This shirt gets a lot of wear these days. More wear than anything I have made that child, actually. Except maybe this.
After a sewing lull, I tested the Raindrop Tee by Gracious Threads. I really thought about stopping pattern testing, but I decided to make some rules for myself, instead and only sew patters that 1) really appealed to me and would be something I would purchase perhaps in an actual store, and 2) I thought I could make multiple times, for multiple variations, and for multiple children. The Raindrop Tee fit that criteria pretty effortlessly.
I liked the high/low hem because I thought she could wear it with leggings, but my girl who refuses to wear a woven fabric on her upper half seems to have no problem with skinny jeans. Kids are so weird, man.
Actually, Chloe has been asking me to make her some more clothes these days. This is coming from the kid who burst into tears on the floor of Jo Ann’s when I tried to get her all jazzed up about picking out her own fabrics for a school concert dress. [sobbing]…I just want a store dress, Mooooom! A dress that you….you know…go into a store and buy. (She got the store dress, and I stopped sewing for her for months! Abuse by handmades is probably a prosecutable offense.)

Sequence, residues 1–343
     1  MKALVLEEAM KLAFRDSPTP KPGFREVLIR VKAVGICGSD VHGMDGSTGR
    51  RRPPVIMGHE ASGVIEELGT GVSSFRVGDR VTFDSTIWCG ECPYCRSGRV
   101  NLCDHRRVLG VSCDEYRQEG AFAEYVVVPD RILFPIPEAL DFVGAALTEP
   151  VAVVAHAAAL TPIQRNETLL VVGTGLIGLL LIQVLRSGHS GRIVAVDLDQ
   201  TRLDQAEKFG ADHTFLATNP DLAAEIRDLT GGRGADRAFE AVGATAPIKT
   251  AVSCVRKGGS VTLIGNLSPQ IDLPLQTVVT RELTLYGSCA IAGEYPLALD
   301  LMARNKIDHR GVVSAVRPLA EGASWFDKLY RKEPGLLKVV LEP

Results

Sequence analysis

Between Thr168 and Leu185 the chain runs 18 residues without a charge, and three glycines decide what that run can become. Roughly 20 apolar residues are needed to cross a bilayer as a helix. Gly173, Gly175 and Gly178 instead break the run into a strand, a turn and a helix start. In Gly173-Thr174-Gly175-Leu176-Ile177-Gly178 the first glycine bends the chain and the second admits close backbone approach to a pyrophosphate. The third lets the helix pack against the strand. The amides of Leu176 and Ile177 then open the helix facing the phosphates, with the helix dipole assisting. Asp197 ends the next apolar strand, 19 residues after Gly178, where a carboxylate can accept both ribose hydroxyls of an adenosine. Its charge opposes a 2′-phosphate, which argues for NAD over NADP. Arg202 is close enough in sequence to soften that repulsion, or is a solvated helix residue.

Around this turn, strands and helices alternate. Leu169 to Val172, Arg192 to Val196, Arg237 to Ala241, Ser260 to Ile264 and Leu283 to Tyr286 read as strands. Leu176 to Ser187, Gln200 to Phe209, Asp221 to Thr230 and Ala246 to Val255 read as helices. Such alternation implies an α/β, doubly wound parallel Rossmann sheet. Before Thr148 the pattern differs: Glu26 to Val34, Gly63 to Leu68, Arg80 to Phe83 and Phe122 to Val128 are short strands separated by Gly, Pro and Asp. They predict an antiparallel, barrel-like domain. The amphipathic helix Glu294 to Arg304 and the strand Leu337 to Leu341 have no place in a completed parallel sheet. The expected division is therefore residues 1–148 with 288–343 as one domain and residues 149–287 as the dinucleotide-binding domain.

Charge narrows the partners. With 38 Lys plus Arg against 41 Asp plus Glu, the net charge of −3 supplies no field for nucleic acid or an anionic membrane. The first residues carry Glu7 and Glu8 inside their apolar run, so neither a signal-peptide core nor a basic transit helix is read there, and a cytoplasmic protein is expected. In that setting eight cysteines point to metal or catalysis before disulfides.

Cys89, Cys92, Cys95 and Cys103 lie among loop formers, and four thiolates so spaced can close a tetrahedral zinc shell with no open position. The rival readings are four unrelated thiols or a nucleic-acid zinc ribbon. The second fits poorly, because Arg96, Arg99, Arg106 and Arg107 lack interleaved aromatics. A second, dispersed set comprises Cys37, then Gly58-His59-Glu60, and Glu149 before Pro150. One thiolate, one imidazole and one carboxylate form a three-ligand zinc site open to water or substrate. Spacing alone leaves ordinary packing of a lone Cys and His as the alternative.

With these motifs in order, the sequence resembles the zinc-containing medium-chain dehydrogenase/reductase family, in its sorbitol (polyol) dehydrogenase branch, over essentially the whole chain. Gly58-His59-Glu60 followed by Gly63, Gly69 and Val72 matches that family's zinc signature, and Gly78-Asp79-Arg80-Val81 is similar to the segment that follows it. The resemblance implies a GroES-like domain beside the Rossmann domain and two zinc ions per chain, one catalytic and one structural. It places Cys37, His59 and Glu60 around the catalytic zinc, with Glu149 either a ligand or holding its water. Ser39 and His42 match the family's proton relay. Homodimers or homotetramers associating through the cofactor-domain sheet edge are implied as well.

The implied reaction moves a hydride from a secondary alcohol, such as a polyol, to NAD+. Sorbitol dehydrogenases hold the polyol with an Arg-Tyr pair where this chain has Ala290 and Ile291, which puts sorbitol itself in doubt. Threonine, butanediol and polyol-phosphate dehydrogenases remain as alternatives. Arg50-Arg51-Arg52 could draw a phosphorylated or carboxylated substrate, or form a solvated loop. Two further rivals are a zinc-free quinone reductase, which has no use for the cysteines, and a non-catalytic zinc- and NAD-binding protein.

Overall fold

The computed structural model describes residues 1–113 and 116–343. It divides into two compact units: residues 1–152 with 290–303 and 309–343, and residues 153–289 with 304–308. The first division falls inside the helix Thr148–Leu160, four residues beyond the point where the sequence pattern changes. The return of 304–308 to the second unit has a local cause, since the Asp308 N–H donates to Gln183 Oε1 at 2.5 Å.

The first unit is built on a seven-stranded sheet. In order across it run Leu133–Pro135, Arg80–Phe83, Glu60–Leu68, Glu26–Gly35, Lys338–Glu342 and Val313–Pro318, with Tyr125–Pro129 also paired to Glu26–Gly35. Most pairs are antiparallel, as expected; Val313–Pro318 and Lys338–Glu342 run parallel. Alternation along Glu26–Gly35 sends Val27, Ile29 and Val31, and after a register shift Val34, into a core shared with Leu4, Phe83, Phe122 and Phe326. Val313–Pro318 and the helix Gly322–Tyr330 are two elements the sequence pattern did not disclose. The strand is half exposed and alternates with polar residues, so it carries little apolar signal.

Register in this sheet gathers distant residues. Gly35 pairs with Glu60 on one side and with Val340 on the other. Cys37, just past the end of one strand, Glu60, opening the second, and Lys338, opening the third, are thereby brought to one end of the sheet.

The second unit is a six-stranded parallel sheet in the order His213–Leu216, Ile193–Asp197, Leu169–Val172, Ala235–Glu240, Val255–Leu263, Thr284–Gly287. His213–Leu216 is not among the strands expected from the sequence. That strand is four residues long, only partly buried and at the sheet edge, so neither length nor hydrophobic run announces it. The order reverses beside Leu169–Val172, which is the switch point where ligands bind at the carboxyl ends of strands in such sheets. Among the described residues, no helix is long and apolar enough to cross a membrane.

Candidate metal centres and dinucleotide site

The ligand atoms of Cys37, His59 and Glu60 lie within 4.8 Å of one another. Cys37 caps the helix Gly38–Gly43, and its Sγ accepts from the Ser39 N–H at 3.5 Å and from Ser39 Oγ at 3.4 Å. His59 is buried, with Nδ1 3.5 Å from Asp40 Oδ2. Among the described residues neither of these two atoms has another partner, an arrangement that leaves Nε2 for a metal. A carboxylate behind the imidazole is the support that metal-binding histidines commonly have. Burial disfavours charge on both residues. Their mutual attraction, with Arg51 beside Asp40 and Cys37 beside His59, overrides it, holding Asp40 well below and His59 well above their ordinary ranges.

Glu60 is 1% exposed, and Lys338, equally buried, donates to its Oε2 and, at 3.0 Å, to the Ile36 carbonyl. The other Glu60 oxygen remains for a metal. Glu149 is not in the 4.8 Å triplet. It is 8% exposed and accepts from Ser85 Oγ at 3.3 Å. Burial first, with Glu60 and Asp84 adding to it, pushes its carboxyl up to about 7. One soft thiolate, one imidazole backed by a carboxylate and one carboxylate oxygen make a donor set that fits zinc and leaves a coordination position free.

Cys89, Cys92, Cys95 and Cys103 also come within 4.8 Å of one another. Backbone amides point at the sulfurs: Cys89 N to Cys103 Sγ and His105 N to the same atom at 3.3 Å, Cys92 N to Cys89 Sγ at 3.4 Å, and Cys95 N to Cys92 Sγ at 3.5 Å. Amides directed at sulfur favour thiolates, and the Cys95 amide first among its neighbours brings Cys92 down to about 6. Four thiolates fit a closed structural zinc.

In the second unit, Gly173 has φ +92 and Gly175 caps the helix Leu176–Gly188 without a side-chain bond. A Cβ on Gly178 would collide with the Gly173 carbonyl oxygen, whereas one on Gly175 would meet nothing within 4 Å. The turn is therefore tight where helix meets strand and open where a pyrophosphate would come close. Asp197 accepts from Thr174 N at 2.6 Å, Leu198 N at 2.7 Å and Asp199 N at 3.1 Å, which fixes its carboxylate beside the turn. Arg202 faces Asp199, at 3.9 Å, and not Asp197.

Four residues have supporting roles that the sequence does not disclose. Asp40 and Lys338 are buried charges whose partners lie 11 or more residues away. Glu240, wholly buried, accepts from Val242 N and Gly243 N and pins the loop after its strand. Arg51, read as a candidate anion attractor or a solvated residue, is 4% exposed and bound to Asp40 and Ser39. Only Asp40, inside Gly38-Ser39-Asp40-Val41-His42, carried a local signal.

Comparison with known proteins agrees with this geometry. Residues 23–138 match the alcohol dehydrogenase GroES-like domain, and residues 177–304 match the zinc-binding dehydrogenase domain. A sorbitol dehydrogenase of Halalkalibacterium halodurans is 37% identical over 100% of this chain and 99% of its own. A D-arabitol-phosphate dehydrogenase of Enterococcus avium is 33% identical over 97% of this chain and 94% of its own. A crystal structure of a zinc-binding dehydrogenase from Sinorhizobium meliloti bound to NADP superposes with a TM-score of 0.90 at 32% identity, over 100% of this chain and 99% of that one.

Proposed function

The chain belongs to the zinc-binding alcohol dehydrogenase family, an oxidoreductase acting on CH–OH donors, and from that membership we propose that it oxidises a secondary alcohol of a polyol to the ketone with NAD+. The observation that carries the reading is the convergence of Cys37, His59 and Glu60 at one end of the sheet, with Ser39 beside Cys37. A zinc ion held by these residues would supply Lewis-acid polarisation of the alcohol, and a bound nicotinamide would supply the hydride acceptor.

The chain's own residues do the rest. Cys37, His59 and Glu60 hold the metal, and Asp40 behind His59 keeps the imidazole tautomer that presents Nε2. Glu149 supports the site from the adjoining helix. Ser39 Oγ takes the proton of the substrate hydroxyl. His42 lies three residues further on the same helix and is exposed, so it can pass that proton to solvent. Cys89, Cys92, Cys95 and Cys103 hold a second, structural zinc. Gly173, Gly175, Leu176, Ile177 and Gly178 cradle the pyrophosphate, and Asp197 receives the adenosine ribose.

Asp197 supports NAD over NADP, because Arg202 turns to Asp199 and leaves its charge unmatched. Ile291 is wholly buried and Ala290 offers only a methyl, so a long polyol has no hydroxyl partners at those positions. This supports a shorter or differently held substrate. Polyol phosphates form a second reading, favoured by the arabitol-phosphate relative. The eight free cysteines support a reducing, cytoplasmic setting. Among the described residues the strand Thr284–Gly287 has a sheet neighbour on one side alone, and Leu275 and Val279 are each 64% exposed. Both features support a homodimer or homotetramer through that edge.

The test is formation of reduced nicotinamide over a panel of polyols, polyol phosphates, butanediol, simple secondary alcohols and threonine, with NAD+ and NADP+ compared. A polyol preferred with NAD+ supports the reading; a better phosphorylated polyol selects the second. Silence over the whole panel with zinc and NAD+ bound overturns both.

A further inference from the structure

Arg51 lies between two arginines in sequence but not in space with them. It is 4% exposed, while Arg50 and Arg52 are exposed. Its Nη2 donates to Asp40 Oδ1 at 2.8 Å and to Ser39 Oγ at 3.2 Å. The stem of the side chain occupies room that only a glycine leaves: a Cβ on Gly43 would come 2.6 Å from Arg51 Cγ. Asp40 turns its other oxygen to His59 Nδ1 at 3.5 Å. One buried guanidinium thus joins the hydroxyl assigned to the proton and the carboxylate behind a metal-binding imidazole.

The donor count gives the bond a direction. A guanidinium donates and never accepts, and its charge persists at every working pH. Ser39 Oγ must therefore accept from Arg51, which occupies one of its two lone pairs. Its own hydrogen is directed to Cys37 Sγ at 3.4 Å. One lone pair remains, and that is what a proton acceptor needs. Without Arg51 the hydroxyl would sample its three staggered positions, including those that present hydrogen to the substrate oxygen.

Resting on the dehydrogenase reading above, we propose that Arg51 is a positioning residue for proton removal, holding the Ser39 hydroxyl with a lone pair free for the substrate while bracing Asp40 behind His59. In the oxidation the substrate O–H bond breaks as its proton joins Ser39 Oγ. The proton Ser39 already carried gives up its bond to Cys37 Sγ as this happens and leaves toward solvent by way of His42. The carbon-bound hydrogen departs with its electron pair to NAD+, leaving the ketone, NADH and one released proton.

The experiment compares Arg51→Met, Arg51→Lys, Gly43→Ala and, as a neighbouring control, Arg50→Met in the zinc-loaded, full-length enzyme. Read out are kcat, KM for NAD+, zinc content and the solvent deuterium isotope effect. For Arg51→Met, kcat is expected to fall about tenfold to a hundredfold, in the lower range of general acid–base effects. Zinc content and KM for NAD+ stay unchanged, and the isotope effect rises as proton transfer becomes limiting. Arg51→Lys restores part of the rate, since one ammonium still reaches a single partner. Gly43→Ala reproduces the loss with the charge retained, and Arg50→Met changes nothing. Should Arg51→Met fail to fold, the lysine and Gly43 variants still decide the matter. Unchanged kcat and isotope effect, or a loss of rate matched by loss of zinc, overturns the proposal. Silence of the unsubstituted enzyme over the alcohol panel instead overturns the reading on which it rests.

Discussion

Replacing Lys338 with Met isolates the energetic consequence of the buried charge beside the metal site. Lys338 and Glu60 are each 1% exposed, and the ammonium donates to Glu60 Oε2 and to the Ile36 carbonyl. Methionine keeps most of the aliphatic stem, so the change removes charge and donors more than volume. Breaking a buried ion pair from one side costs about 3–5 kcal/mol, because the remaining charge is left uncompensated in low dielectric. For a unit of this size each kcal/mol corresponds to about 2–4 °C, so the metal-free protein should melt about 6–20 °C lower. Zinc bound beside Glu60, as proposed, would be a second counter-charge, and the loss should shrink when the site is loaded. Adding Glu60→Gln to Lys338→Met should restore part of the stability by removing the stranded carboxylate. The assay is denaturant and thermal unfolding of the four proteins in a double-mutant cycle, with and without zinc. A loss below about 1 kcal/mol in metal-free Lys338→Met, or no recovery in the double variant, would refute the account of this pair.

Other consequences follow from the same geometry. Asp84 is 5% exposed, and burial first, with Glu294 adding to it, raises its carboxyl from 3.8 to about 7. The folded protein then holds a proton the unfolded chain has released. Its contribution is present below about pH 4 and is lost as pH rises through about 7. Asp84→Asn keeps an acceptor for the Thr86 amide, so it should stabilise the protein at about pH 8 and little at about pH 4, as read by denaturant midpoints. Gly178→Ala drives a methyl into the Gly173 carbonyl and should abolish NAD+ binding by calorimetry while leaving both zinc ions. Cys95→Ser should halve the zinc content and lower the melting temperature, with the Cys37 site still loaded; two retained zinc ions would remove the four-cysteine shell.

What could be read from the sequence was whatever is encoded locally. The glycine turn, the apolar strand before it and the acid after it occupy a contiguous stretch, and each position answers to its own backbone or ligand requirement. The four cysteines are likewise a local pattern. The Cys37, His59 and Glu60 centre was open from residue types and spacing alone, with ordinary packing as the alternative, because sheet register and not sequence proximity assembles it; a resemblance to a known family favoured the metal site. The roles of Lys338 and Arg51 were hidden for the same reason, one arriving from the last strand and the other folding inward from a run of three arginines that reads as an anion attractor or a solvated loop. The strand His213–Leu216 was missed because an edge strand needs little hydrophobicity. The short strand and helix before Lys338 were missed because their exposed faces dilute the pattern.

The fabric was from Girl Charlee, another fabric gifted to me by the lovely Erin. Seriously, that girl is the best. I wish we lived in the same town, I bet she’s the kind of friend that brings you casseroles and shows up with coffee (or wine) when you’re feeling blue.
As for the sewing, it’s stating the obvious that it sews up fast. The curve would have been tricky for me a year ago, but now I always hem curves (and a lot of hems in general) by sewing along the seam allowance and then pressing up to stitch. The girls over at Indiesew have a great tutorial on this process (and a few other hemming options).
We are full on in the second grade year now. It’s amazing how independent they are at this stage. She does her homework on her own, reads chapter books (she loves anything funny), and has turned pretend kitchen play into full on making lunch for herself and her siblings. I remember being pretty jealous when a friend’s son (probably the age Chloe is now, actually) made his own toasted cheese in the toaster oven. I mean, I had a newborn, 2 and 3-year-old, and not one of those freeloaders could dress themselves or buckle a car-seat. Good thing they were cute.